Locally-controlled education is another important issue for her.

“Parents and teachers in the local community know how to educate children better than state and federal agencies,” she said.

She also wants to see a monthly or quarterly meeting for citizens of the 11th District to meet with their representative to discuss issues, regardless of who’s elected.

Lynne Newlin - Democrat                                                                               

Two-term Smyrna School District Board of Education member and current president Lynne Newlin is a Clayton-area resident and native Delawarean.

Why did she decide to run for state representative?

“I have always had a passion for serving, whether it’s through my church, volunteering, or on the school board. This is an exciting opportunity, with a new district, to bring a new voice to the General Assembly,” Newlin said.

Newlin’s top issues are ensuring that all students have access to a quality education, bringing good-paying jobs to the area, preserving the district’s rural character, and strengthening services for senior citizens and veterans.

“Children are our future, and they should have every opportunity to succeed,” Newlin said. “To do that, we must ensure that students have access to a high quality education that fits their needs and allows them to compete for good-paying jobs. That education comes in all different forms. Whether the education is academic or a skilled trade, our children deserve the best so that they can excel.”

Noting that the 11th District is largely rural with a strong agricultural presence, Newlin said that the state must continue to preserve that way of life through programs such as the Aglands Preservation Program and the Young Farmers Program so that future generations are able to continue that tradition.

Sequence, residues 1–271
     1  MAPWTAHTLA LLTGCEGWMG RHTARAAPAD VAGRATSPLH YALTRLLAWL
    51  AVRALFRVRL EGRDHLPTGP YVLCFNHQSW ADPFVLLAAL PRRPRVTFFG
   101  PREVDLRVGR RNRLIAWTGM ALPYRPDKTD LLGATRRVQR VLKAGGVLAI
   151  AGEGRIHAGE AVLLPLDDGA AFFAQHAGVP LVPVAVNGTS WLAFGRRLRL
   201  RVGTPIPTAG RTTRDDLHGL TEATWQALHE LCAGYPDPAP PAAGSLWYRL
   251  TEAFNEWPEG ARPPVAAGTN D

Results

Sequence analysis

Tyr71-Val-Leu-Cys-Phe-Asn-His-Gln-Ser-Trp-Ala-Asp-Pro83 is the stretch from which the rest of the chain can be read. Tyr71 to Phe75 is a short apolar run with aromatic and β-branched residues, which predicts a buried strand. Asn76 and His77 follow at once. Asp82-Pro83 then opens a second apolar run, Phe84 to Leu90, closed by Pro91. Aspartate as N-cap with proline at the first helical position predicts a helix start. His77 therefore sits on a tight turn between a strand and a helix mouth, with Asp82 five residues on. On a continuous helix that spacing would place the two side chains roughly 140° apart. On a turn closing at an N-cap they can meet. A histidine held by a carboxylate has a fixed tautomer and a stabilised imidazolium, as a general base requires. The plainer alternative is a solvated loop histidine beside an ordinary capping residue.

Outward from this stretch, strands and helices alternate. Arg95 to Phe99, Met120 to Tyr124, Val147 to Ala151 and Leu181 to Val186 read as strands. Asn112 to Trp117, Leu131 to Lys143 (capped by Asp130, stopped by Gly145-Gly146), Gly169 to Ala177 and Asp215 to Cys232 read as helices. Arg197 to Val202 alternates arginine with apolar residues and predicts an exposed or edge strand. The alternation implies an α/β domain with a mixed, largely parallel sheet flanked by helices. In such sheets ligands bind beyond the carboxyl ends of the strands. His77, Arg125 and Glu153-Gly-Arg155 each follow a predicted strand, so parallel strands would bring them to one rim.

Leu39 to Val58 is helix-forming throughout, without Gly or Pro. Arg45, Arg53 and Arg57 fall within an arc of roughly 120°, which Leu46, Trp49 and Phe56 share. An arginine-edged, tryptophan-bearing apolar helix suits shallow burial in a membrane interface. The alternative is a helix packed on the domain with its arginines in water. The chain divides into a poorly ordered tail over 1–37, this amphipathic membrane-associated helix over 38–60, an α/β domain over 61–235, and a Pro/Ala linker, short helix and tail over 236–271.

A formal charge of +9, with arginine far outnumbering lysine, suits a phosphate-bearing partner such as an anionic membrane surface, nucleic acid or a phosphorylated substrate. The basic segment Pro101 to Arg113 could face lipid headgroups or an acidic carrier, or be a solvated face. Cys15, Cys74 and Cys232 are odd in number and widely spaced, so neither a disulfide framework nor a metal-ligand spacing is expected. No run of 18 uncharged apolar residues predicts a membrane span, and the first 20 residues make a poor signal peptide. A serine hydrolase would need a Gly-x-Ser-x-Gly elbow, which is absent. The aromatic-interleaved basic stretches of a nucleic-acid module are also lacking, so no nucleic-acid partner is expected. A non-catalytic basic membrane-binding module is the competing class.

A graduate of Caesar Rodney High School and Delaware State University, Newlin is a 46-year Kent County resident and works as the information technologies manager at the University of Delaware. She is married to her husband, Roy, and they have a son, James.

Jeff Spiegelman - Republican

Jeff Spiegelman grew up in central Delaware and now teaches history and political science at Wilmington University and Delaware Technical and Community College. He and his wife, Jennifer, live west of Clayton.

Spiegelman said a growing dissatisfaction with government led to his filing the paperwork to run in the fall election in the new 11th District.

"Friends, neighbors, and relatives have encouraged me to run because of the concerns they have about the government controls our society has been forced to accept," he said.

Spiegelman is a graduate of Smyrna High School and is proud of his native state. 

"I have been fortunate to travel to many places around the world but, as the saying goes, 'there is no place like home.'  I would not want to live anywhere else.  That is why running for office is so important to me. I want Delaware to remain a special place even as we face the challenges of the 21st century."

A former U.S. Navy contractor, he’s an educator at the Air Mobility Command Museum next to Dover Air Force Base, a military historian, hunter, and a NRA member. He also serves as a volunteer instructor for senior citizens at the Osher Lifelong Learning Center.

He advocates eliminating waste, fraud, and abuse in state government; getting state spending under control; personal and government accountability; and redesigning and rethinking social welfare.

Spiegelman wants to promotes “Main Street,” small business, and agricultural revival.

Another cornerstone of his campaign is community protection — advocating stronger laws to protect citizens and homeowners from criminals, and letting the voice of the people be heard when it comes to the security of their families.